In recent years, CEOs have raced ahead of other Americans, including their own lieutenants.  Mr. Murphy calculates that average CEO pay was 369 times as much as the average earned by a worker last year, compared with 131 times in 1993 and 36 times in 1976.  Meanwhile, the average U.S. paycheck has barely kept ahead of inflation in recent years.

Carola Frydman, a finance professor at the Massachusetts Institute of Technology's Sloan School of Management, says the pay gap between CEOs and other executives at the same company has doubled since the 1960s.

Charles Munger, vice chairman of Warren Buffett's Berkshire Hathaway Inc., and a longtime business partner of the famed investor, describes executive compensation as "wretched excess".  In an interview, Mr. Munger says he hears complaints even from "Republicans who grumble on the country-club porch" about the resulting political turmoil over the pay question.  They're "mad at corporate America," he says.

The Securities and Exchange Commission recently set forth another set of rules governing the expanded disclosure of top executive pay and benefits.  For the first time, it required that companies reveal top executives' "total compensation".  Investors, too, are intensifying efforts to limit pay.  They're embarrassing some highly paid CEOs, trying to change corporate bylaws and seeking to replace directors who bless exorbitant packages.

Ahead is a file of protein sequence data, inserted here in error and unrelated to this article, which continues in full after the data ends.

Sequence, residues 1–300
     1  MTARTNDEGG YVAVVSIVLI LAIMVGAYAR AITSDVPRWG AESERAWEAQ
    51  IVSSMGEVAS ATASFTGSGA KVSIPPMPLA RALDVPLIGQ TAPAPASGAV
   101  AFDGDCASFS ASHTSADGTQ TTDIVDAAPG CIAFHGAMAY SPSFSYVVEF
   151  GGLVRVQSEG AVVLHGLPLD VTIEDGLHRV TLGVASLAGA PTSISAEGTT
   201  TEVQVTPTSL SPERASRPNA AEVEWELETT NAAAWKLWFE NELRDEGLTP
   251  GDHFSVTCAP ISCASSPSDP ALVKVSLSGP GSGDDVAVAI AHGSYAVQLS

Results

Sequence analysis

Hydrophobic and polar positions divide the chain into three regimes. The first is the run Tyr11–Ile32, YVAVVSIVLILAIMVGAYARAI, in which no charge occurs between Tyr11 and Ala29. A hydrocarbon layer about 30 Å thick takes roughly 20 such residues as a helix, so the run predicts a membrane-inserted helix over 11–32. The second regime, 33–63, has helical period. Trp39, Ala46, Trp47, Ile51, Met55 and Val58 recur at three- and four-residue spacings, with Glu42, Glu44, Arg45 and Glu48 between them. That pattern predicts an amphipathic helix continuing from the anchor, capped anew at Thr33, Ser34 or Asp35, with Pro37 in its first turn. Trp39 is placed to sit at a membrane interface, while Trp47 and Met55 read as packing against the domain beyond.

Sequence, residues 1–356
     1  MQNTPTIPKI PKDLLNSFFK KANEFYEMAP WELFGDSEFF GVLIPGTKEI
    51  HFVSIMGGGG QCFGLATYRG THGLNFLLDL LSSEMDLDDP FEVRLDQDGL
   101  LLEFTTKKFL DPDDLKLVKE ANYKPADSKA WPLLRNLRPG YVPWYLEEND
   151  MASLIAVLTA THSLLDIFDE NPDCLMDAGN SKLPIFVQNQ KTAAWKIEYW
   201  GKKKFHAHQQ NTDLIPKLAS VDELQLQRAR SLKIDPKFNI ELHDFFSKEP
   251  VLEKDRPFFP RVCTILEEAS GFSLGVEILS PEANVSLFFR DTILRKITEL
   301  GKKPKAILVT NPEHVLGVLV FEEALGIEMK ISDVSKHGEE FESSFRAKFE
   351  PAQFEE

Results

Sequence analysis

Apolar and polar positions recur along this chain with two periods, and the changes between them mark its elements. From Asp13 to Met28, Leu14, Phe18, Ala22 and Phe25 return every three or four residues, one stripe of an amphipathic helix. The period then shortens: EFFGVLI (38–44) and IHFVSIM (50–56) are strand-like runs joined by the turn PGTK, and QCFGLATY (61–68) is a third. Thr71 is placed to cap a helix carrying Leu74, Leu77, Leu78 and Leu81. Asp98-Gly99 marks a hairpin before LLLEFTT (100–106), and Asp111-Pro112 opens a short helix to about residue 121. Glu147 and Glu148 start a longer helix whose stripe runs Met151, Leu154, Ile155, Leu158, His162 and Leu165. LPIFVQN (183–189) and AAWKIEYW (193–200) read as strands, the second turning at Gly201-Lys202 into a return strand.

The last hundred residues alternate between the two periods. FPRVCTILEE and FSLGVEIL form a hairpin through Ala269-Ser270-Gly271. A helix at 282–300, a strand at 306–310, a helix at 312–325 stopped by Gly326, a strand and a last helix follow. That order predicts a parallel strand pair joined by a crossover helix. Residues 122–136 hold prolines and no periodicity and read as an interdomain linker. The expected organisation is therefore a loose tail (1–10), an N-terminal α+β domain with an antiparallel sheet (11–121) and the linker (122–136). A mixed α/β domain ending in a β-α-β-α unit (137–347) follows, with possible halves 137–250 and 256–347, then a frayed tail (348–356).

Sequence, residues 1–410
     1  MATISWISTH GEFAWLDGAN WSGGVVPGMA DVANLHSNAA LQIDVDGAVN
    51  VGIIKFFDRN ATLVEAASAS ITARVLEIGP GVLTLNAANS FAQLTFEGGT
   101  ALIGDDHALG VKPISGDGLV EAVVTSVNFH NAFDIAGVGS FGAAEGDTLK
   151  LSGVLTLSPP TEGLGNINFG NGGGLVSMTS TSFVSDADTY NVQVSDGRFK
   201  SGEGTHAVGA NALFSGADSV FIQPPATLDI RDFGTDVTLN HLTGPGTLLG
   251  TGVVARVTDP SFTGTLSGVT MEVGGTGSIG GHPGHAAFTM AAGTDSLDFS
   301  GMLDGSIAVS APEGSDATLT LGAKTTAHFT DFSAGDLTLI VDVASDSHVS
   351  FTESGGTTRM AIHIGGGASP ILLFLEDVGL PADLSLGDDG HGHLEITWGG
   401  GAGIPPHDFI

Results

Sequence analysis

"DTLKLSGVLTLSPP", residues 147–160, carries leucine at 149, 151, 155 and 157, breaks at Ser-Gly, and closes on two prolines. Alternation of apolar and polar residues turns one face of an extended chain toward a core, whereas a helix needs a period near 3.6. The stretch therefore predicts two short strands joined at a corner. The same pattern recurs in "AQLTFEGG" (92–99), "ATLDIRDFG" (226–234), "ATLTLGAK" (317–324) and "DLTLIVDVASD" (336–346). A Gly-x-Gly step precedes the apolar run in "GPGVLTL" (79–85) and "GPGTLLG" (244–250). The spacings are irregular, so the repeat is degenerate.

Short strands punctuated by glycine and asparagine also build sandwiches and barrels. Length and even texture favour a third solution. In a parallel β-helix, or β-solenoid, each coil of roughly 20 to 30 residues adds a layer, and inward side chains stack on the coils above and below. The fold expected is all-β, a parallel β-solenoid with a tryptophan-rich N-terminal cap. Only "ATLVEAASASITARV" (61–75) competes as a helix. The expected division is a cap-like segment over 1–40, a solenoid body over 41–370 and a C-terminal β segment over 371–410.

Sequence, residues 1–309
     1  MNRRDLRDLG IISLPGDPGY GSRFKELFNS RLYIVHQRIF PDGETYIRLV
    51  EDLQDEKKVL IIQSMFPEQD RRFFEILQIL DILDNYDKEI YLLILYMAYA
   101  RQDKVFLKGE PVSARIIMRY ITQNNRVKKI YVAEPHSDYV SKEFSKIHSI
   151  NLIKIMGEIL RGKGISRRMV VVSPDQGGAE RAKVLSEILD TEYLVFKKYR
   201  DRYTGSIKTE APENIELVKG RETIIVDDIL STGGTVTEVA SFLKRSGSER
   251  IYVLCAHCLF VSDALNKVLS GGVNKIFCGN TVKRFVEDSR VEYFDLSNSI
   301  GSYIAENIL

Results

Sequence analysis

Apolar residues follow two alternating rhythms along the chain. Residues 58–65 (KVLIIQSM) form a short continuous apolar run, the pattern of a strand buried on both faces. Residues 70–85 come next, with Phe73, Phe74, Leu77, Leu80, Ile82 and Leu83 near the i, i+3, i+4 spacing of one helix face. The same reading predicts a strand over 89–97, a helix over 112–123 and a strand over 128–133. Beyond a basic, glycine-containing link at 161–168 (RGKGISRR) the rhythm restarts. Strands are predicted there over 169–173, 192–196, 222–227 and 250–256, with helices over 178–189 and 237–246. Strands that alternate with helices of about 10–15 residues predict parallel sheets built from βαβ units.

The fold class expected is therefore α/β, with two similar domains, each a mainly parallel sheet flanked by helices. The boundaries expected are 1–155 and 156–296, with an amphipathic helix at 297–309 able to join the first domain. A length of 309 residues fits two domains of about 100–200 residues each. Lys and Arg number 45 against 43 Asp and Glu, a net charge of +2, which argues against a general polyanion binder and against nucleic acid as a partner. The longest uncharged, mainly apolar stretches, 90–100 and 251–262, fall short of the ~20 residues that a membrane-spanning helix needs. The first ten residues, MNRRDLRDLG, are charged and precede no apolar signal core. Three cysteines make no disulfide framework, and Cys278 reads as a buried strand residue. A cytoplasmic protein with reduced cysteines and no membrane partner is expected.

There are already doubts as to whether these moves will be any more effective than prior efforts.  According to a survey by the University of Southern California and executive-search firm Heidrick & Struggles International Inc., 64% of directors say they expect CEO cash compensation to continue to rise; 58% say they expect stock compensation to continue to rise.

Many CEOs say they're paid what they're worth.  The Business Roundtable, a group of big-company CEOs, says compensation has roughly kept pace with stock-market returns for the past decade.  Using different methodology than that employed by Mr. Murphy, the group says the typical CEO makes 179 times as much as a typical U.S. worker.

"I made a lot of money.  I became wealthy," says Harvey Golub, CEO of American Express Co. from 1993 to 2000.  "My shareholders became even wealthier."

During Mr. Golub's tenure, American Express's shares rose more than sixfold and its market capitalization climbed to $65 billion from $10 billion.  "How much of that $55 billion should I get?" he asks.

Mr. Golub was paid roughly $57 million in salary, bonus and restricted stock over eight years.  He also exercised options to buy shares valued at $92 million.  When he stepped down as CEO, he held options valued at $114.5 million and received an additional 990,000 options.  Because he soon after retired as chairman, investors don't know how much Mr. Golub made from exercising those options.  He declines to divulge the figure.  Mr. Golub is a director of Dow Jones & Co., publisher of The Wall Street Journal.